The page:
Downtown Clearwater parking plentiful, but not alway easy to find

There is an availability of both on-street and off-street parking in downtown Clearwater, but it's not always easy to find, said a consultant. [Times files]
There is an availability of both on-street and off-street parking in downtown Clearwater, but it's not always easy to find, said a consultant. [Times files]
Published November 8 2018

CLEARWATER — As it turns out, downtown Clearwater has a surplus of parking.

That’s what a study presented recently to the City Council indicates, but whether the 6,400 off-street spots are in the right places and effectively marked, and whether they are enough for the future, are among the questions the city faces on the cusp of a downtown it hopes will be in transition.

“We know change is coming,” Amanda Thompson, director of the city’s Community Redevelopment Agency said to the council members.

The mayor wants steps taken to market the spaces.

“What’s more important is that we utilize what we have and better direct them to it,” George Cretekos said after being told that a lack of signage and directions often leaves guests clueless on where to go.

A consultant told the council signs that brand the city’s lots, plus electronic signs that indicate the number of spots available, will help.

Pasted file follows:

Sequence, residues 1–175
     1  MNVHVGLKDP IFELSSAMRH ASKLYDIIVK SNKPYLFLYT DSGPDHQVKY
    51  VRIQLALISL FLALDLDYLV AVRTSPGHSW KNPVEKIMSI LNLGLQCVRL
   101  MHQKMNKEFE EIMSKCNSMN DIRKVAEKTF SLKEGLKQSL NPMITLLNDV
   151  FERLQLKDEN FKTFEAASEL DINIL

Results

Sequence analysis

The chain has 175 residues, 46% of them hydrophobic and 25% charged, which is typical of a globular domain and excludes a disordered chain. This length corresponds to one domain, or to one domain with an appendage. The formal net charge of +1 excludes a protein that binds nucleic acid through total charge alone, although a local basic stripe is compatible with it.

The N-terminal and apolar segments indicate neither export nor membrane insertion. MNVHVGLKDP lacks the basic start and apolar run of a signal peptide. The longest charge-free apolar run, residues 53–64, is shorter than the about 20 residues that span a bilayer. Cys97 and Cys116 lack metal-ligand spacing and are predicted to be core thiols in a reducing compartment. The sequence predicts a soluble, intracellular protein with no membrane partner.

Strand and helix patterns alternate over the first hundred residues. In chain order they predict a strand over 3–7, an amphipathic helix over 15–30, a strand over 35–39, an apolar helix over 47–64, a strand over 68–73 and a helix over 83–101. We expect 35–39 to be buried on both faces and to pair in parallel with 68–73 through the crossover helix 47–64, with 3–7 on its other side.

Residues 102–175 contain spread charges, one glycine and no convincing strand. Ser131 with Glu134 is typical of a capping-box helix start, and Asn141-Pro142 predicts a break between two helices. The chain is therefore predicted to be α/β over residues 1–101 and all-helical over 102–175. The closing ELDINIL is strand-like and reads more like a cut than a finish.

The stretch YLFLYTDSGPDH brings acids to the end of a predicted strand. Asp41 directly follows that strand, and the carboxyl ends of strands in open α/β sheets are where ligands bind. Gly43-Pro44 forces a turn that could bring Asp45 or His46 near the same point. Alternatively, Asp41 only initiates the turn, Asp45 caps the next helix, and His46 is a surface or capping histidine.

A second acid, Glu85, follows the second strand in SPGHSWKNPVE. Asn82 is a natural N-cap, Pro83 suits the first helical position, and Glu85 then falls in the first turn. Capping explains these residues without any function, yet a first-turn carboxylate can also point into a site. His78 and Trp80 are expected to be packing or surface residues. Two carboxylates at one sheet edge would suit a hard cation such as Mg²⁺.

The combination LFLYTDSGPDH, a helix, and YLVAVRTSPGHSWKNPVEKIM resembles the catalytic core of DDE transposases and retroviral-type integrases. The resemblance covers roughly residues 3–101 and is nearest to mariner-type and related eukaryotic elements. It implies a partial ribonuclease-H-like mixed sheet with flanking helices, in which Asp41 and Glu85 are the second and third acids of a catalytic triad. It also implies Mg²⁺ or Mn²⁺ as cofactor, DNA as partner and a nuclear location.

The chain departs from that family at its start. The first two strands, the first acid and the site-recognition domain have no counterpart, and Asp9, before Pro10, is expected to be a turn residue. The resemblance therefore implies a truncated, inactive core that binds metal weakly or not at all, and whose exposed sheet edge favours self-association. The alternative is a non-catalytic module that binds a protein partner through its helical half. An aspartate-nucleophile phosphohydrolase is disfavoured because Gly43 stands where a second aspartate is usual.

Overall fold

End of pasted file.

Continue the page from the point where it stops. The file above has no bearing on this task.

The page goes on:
“People are much more confident going into a lot knowing they have a space,” said David Taxman, parking and traffic engineer project manager for Kimley-Horn, the consulting firm hired by the city.

With the $50-plus million Imagine Clearwater plan in motion, Thompson said many prime waterfront surface spots will be lost. During construction, only about 200 of such spots will be available, and afterward only about 300 will exist.

Meanwhile, Thompson said a new kind of office world will likely emerge downtown where employers for businesses such as those involved in technology will be packing in more employees per square foot, utilizing things like more cubicles and standing work stations.

“And most of them will want to drive to their job,” Thompson said.

In the near future, she hopes the creation of downtown housing will result in those same people walking to work.

Until then, another question revolves around whether or not the city should build another parking structure and, if so, where it should go.

Cretekos said a lack of street spots in front of local businesses remains a sore spot as well.

Taxman said a key ingredient is for the city to work toward establishing shared parking agreements between city- and/or county-owned lots and private lots in order to maximize what exists instead of spending money to create more. Private lots would share spaces for public use and be paid for them.

Of the 6,400 available spots, 43 percent are city or county owned.

On an average Wednesday afternoon, findings showed that 50 percent of the public spots are utilized, compared to 42 percent of the private spots — many of which are reserved for employees during business hours. After 5 p.m. weekdays and on weekends, when about 1,400 private spots open up, that changes to 14 percent public and 30 percent private in terms of use.

Taxman also said the public-use charge of 50 cents per hour, and $48.15 per month, were below average for similar markets.